The Harlem Renaissance History: I Too, Too Am America

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History Of The Harlem Renaissance The Harlem Renaissance was a time where culture, social interaction, intelligence and creativity kicked off with a huge bang because of African American authors, artists, musicians, photographers, poets, and scholars says the History Channel. The Harlem Renaissance began in the year 1917 and extended to the mid-1930s but, in this time frame there were famous writers such as Langston Hughes, Countee Cullen, James Weldon Johnson, Claude McKay, and many others who made this time an unforgettable moment in history says the Poetry Foundation. In the Harlem Renaissance it was more than just a culture, social and poetic movement: what it really was African Americans fighting for their rights such as civil and political but, what else they were fighting for was equality, justice and wanting the reign of suffering to end and bring the day that freedom rings. Though the Renaissance movement did not bring everyone’s attention to the matter of the injustice of the Jim…show more content…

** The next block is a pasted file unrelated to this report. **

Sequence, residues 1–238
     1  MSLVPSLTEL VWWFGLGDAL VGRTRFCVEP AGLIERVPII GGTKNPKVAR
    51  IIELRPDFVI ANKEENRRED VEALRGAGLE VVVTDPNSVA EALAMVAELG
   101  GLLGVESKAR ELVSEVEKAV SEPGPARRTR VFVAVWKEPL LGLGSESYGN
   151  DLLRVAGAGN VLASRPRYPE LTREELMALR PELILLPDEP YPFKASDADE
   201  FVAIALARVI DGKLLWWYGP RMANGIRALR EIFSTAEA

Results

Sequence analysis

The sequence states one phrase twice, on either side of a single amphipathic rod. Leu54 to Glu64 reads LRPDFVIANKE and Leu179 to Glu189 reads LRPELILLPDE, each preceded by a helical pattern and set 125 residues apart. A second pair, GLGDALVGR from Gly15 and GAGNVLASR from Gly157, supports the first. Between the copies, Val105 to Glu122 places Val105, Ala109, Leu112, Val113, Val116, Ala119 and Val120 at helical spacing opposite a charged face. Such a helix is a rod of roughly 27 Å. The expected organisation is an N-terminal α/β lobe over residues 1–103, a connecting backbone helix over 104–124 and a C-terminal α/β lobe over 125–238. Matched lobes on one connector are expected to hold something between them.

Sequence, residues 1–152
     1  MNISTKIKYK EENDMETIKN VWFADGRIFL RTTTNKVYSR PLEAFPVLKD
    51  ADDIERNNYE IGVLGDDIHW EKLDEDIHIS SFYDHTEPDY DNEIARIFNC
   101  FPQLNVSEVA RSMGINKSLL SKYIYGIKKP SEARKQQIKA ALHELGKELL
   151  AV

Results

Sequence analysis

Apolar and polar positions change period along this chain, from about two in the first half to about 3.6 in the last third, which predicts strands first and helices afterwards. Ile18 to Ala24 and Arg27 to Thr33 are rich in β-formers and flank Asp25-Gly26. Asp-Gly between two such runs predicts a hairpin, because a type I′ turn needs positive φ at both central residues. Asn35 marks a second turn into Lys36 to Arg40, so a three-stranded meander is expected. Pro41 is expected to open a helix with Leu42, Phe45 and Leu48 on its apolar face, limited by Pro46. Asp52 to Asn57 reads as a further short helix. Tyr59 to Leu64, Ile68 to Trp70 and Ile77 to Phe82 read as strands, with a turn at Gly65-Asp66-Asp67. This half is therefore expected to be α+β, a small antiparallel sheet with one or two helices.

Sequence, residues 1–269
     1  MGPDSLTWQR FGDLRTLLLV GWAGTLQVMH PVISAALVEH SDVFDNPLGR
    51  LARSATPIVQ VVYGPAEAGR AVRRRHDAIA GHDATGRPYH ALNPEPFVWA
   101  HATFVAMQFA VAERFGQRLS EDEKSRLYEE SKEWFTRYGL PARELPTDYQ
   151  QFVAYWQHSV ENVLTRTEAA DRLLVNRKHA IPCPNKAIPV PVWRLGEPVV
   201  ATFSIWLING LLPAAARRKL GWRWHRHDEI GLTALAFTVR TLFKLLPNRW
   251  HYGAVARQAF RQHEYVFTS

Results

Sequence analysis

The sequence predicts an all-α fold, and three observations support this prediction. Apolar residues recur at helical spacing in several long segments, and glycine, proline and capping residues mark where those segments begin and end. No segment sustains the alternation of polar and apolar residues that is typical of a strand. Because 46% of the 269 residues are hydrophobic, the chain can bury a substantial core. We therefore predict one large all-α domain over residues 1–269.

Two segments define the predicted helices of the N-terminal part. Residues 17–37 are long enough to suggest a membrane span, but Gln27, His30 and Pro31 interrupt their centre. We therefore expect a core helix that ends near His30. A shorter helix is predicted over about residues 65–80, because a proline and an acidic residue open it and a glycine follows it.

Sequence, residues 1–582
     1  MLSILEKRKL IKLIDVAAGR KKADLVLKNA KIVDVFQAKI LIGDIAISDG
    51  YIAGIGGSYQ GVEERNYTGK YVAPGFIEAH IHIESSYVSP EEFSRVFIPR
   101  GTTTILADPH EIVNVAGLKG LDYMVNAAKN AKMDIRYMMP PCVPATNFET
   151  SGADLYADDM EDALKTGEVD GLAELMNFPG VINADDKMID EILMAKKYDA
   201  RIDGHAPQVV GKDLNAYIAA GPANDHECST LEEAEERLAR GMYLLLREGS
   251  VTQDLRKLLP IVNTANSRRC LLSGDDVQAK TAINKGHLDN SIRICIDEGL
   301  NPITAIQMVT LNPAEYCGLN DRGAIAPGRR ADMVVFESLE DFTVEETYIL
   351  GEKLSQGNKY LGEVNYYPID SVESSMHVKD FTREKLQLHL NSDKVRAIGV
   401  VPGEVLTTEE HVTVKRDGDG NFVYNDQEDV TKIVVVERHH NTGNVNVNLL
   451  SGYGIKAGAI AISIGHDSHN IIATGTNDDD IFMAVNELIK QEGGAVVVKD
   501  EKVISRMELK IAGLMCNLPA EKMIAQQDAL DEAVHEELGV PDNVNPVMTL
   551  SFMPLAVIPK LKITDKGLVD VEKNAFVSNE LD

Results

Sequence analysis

Although the speaker does not let it get to him he actually laughs and says “Tomorrow, I’ll be at the table” meaning one day where he will sit at the table and be equal also after he says that he says “They’ll see how beautiful I am” showing her will have his own identity in the white community. Another poem that is relevant to the theme Hughes wrote is the poem "What happens to a dream deferred?" in this poem the speaker asks what happens if dreams are postponed. The speakers offers answers to the question such as “if they fester like sores” or they “rot like meat” but, in the end he ask if they explode which is the answer to his question meaning that dreams can come true such as how the speaker probably dreams of having their own dream and

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